Posts Tagged colette patterns

It’s Nippy! Must Be Knitting Time.

It’s that time of year when I prefer the comfort of a big, warm, fluffy ball of wool and a pair of chunky needles to a cutting mat and some flimsy fabric.  That’s not to say I have abandoned the sewing machine.  I have the new Grainline sweatshirt pattern, ‘Linden’  and some french terry fabric ready to make something to keep me warm at the start of my yoga class.  I also have Colette’s new Dahlia dress pattern for which I’m going to throw caution to the wind and try sewing with plaid again – they promise it’s an ideal pattern for plaid (no darts) and will hold my hand along the way which I will need after my last disastrous attempt.   So I’m just awaiting a huge fabric delivery, praying Customs won’t punish me too much for ordering from the States,  then I can get going on that.  I also have a sort of 70s boho vibe top cut out and ready to go for Mlle Tialys the younger and just need to make or buy some bias binding and ribbon and I’ll be off.  But, for the moment, I’m mainly in knitting mode.

In a timely fashion for the temperature change we’ve just experienced – one day in swimming pool*, next day looking at snow on the mountains – I’ve just recently finished this jacket or short coat, as it is called on the pattern.

* not me in swimming pool of course.  As if.  It needs to be at least 27 degrees for me to get in – and I’m talking water temperature not air temperature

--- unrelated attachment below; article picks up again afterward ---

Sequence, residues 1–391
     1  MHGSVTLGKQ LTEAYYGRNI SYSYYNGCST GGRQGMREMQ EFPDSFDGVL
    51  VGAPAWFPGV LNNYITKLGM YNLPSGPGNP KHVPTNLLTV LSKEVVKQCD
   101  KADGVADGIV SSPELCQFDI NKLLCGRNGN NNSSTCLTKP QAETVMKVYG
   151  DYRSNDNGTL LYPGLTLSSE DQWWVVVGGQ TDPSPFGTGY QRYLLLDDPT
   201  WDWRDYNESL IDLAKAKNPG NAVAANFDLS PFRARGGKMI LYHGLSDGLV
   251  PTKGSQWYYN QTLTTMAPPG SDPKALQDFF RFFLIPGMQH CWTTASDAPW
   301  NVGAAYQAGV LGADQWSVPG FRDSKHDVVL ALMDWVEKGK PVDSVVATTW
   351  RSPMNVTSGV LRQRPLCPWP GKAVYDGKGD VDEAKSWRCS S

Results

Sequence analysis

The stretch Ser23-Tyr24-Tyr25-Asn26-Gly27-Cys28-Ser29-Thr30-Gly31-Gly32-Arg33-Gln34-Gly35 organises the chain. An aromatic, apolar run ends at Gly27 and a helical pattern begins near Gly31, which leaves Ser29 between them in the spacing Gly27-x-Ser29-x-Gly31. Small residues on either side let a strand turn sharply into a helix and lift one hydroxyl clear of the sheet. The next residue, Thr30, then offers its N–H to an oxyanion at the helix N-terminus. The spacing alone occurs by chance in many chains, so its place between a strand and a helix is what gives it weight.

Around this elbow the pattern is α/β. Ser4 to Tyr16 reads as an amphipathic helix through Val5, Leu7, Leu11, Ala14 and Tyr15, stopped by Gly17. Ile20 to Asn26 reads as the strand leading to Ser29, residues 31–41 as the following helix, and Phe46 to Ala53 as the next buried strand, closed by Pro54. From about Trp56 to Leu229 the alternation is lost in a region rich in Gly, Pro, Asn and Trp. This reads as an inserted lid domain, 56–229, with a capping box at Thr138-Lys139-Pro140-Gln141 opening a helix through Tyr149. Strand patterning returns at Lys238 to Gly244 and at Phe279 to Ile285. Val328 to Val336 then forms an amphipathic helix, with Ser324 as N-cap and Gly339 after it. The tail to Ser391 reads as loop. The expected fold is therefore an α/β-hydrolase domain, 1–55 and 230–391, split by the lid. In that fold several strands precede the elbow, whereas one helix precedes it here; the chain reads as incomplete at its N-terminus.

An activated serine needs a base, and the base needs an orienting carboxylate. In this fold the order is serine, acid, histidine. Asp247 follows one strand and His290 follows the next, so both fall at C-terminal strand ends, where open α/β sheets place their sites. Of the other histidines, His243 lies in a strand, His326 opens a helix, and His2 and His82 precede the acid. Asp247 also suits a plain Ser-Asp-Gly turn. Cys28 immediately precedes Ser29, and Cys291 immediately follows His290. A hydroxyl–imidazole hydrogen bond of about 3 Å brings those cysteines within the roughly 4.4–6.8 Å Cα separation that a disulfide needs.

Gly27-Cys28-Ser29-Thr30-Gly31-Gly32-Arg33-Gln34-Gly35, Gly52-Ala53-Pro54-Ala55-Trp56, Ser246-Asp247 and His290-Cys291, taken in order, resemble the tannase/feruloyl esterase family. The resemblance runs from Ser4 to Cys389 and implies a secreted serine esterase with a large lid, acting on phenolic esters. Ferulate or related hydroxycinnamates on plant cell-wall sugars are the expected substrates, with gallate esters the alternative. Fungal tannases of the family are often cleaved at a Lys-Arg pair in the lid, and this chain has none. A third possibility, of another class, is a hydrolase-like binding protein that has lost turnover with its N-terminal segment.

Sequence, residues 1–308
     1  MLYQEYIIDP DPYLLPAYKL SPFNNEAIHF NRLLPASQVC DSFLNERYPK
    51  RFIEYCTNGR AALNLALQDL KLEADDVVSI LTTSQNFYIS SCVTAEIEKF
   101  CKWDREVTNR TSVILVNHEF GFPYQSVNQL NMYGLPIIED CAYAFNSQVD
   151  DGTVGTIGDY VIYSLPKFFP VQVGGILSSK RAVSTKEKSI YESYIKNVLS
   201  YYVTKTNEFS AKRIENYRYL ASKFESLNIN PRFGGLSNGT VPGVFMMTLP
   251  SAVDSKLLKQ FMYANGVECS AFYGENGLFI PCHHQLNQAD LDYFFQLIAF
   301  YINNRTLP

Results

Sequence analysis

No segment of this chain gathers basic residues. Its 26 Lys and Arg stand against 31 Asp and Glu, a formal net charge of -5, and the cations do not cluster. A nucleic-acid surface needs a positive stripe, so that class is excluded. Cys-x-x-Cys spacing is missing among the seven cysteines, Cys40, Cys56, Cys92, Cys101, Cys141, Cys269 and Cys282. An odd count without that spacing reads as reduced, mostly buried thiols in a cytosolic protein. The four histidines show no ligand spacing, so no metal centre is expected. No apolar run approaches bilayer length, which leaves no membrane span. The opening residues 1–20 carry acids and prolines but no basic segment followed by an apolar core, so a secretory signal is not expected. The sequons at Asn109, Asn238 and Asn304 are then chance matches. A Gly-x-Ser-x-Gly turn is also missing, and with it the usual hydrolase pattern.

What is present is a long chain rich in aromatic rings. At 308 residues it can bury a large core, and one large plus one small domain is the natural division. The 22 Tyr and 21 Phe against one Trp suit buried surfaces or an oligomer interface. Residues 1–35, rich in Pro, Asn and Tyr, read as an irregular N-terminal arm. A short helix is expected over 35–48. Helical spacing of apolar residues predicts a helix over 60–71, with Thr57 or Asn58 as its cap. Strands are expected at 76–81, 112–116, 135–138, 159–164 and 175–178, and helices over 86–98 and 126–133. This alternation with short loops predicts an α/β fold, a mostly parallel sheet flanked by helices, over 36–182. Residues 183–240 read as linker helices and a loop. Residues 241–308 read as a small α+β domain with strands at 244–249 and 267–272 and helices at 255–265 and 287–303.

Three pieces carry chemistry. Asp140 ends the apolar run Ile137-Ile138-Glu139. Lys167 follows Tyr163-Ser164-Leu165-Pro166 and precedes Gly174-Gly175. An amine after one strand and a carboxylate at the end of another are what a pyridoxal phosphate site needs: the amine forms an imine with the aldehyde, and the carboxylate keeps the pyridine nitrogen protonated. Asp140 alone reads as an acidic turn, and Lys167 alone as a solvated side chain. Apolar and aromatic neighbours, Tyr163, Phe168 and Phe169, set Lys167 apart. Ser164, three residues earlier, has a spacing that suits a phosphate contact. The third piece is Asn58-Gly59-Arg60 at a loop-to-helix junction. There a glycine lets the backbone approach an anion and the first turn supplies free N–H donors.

Square Patterned Jacket

This is Sirdar Pattern 8951 in Denim Ultra which is a joy to work with and also knits up quicker than you can say ‘I think I might actually wear this one’.  My mum had made one for herself and I liked it, especially when I saw the size of the needles (10mm) and the rope like yarn.  It’s definitely a quick fix knit.  I was lucky enough to find somebody selling it for a fraction of the price but only in one colour – Laurel – which is a dark green with black fleck, although I know it looks grey in the photo.  So an economical knit too.

Here is the back but I confess that, true to form, I made an error right at the beginning by ignoring my usual insistence using cable cast on and following the pattern instructions to cast on using the thumb method.  I’m sure there is a good reason to do this but, not being used to it, I cast on too loosely for the back and it stayed a bit ‘loopy’.  When I took these photos I hadn’t fixed it but now I have by weaving a length of yarn along the cast on edge at the back to neaten it up.